L.B. - Ahmed Hajdarović aka Aki Species did the soundtrack, a techno producer from Belgrade with whom I collaborated on "The Blackness". Archival music has also become a very important dramatic element and it colours the lives of our protagonists both through lyrics and rhythmically. The club on the other hand has become a kind of a musical melting pot. I wanted to make an archetype of the Balkan disco club where techno is played on Wednesdays, and on Fridays Gagi Band performs live, which is basically just a copied repertoire of the great majority of local mainstream clubs. Thus, the absence of any notion of musical style and musical mishmash that here I hope gets some concept. With this sort of thing was very complicated to work with because certain musical authors were not clear on how such things are compatible. In the same way Bobi Beštić initially was not clear on the choice of Lidija Vukicević as his partner in the film.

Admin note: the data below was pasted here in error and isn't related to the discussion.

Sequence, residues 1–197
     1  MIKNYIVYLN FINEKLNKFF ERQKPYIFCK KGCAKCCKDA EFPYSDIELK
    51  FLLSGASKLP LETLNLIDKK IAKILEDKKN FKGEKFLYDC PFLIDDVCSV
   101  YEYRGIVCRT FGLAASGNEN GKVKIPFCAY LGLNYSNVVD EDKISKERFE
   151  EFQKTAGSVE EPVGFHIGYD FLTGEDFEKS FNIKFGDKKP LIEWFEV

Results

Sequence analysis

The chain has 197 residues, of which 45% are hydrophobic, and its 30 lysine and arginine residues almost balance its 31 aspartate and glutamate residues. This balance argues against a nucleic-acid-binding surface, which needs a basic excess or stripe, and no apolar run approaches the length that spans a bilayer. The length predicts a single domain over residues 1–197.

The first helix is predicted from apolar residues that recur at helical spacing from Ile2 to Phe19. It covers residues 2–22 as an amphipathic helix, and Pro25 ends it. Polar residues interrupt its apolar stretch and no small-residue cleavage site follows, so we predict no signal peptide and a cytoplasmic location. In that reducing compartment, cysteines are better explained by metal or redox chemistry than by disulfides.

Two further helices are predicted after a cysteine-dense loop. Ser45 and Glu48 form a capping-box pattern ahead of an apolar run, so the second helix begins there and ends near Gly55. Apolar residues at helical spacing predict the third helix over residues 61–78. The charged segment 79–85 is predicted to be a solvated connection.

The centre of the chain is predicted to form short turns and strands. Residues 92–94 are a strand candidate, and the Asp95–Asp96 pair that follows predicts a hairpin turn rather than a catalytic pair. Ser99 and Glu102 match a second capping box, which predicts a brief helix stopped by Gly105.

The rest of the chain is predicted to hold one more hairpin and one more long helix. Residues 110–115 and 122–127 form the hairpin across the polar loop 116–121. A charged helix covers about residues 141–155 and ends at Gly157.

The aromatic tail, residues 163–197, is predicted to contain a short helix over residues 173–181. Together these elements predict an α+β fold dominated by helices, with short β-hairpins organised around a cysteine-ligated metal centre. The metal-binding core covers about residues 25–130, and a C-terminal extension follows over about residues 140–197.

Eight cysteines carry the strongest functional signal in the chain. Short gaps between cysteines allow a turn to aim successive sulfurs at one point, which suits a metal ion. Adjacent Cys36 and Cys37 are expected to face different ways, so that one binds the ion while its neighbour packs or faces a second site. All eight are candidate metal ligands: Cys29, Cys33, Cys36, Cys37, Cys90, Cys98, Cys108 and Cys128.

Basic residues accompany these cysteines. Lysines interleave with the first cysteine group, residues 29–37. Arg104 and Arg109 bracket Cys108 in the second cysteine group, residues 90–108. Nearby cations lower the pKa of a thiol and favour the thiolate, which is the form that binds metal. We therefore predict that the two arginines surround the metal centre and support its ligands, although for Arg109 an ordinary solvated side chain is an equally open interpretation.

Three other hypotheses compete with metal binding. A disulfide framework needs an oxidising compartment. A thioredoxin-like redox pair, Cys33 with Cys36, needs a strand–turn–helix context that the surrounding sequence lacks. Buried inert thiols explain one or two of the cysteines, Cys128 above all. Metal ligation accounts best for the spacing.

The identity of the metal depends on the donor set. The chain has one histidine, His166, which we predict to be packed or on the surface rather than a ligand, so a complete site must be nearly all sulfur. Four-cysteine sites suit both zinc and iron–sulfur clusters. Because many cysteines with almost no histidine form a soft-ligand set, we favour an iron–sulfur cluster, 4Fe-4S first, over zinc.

What were your production conditions like? Were you able to realize everything you imagined?
L.B. - In comparison to my student projects more, but for this kind of film though, there was not enough money. We worked with one third of the budget of the average Serbian film. In terms of organization, we have achieved the impossible, but we naively allowed ourselves to fantasize about the fees that many of us still have not received. I am glad that we managed to shoot the film without government assistance, mainly from private funds, mostly contributed by Rade Ćosić. When we got the money from the Film Center Serbia to stimulate the post-production, we felt relief.
What is the plan for "Afterparty" after FEST, will you be sending it to foreign festivals, when will it be released in cinemas?
L.B. - The film was accepted at the Raindance Film Festival, but since this sounded like a poor version of the Sundance Festival, we gave up on it hoping that there would be larger and more important festivals, which of course did not happen. After the premiere at FEST, the film gets the regular cinema distribution throughout the country.